Mr. Wayne; This is an excellent post. Mr. Bob is a doer but I sure get tired of those who “read” about woodgas and think that qualifies them make long dissertations on each posting. You have to experience that 75%. TomC


Yes you are right Wayne, a drawing on paper is just that a drawing, I am just trying to figure out how it will all go together. This will not say it will work, but actually building it to the right proven dimensions it should work.
This site is great for getting ideas out to the members and then getting back input from members. The only thing stopping me from going out a start building is the 30 * f cold weather with a mixture of snow / rain. Looking forward to Sunshine and warmer dryer days ahead.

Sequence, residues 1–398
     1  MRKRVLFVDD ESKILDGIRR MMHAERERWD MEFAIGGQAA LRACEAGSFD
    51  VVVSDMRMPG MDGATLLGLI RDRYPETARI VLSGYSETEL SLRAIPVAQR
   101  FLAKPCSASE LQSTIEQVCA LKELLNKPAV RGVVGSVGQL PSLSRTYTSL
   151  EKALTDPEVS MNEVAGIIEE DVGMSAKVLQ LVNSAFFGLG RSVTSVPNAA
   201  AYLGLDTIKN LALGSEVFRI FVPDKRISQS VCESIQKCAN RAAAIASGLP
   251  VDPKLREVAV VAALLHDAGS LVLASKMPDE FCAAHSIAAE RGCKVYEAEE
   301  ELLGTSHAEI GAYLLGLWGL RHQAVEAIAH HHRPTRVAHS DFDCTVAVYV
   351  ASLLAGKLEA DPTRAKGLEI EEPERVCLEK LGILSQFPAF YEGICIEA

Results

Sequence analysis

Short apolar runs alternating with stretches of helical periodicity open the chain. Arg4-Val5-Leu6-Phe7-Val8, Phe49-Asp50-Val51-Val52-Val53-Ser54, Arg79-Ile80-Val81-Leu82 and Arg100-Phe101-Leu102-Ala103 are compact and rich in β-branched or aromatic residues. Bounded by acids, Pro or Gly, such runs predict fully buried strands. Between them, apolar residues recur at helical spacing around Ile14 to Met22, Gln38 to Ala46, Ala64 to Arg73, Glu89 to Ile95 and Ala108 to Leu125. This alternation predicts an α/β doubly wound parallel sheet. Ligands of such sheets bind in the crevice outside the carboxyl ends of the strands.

I have a question Wayne, as you know I still have the old firetube core you built 2012. I am planning on repairing it and making a new improve firetube from it. Of course this will be done on the WK building side of the DOW site. But the rest of the build of the gasifer that the firetube will be sitting in is different from your WK gasifer build. I was wondering if I could show the non WK part of my build on the open side of the DOW site. Leaving out the WK part of the build.
In the pass we have had members sale their unfinished WK firetube projects to people on this site. Once a firetube is built, just looking at it from the outside does not reveal how it works inside. That is the big secret.
It is just a thought. You and Chris can make the decision on this and I will follow according to your decisions.
You might ask why I want to do this. I just want to show the people it is the WK Firetube that makes the big difference in turn down idling ratio and performance vs. other firetube designs.